Yesterday, China announced one of the most important tax reforms of the past twenty years. It is replacing a business tax on gross revenue for non-manufacturing companies with a VAT. Manufacturing companies have been subject to a VAT approach for a few years. The reform extends it from manufacturing and a few services in a pilot program to industry-wide application. It will now cover construction, real estate, finance and consumer services.
The shift to the VAT is expected to reduce the service sector’s tax bill by CNY500 bln (~$77 bln) or 0.7% of GDP. A report indicated that businesses will pay 11% VAT compared with the previous 5.5% business tax. While the rate is higher, the base is considerably smaller. The break is consistent with the government’s modest stimulative measures. It denies the government of revenue, but it was already built into this year’s budget and incorporated in the deficit projection of 3% of GDP.
The shift to a VAT for services will help facilitate the economic transition from manufacturing to services as the economy matures. The manufacturing sector has benefited from the lower tax rate of the VAT and now services and small businesses will as well.
The VAT has other implications. While the introduction of a VAT for services seems fair as the manufacturing sector has benefited from what amounts to be a lower tax burden, and it acts as a small economic stimulus, it will exacerbate other imbalances in China.
The revenue of the older retail sales tax went completely to the coffers of local governments. It had accounted for about 40% of the revenue for local governments. The revenue generated from the VAT will be split, with the Ministry of Finance (central government) taking 75% and leaving the local government with 25%. As one can imagine, rich provinces, like Guangdong, does not like the new revenue sharing arrangement.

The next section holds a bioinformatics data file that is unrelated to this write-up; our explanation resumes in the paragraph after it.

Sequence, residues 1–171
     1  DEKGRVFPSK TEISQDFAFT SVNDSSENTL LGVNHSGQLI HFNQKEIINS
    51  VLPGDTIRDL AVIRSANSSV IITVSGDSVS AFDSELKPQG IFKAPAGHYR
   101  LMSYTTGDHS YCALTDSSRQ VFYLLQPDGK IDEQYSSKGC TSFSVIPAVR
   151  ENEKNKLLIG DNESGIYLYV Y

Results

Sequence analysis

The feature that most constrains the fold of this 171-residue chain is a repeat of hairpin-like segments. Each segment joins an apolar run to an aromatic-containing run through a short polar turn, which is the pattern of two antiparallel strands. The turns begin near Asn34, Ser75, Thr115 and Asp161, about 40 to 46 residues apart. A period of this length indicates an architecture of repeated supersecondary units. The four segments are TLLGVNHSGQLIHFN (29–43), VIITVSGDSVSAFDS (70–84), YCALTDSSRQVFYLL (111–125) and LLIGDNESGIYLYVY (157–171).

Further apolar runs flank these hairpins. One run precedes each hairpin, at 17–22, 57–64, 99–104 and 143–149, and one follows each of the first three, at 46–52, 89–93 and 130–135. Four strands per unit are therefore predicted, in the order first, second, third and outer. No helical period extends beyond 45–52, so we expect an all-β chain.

Here is the problem: Since the tax reform in the mid-1990s, the central government receives a little more than 45% of the tax revenues, but the local governments are responsible for more than 85% of the spending. This combination of low revenue and high spending obligations has created a perverse incentive structure of local governments. They have responded by relying on land sales, real estate development and off-balance sheet borrowings to square the circle.
Debt in China has accumulated on the corporate balance sheets and local governments. The revenue sharing of the new VAT may exacerbate the pressure on local governments. It does not seem sustainable, and the relationship between the local and central government will have to be restructured at some point.
The strengthening of the central government is consistent with the general thrust of President Xi’s strategy. A range of actions has concentrated power in his hands. Within the Chinese Communist Party, there has been a balance between the so-called “princelings” and those from the Communist Youth League. President Xi is a princeling,and Premier Li is supported by the Communist Youth League. By tradition, the next government will have a person from the Communist Youth League as President while the Premier will be a princeling.
However, President Xi has so concentrated power and seems to shift responsibility for important things that have gone wrong, like the stock market slide and ham-fisted attempts last summer to stabilize to Premier Li and his supported. The risk seems to be growing that Xi’s concentration of power is so great that the balance-of-power has been thrown out of kilter. Next year’s 19th Party Congress is likely to see further consolidation of power by Xi.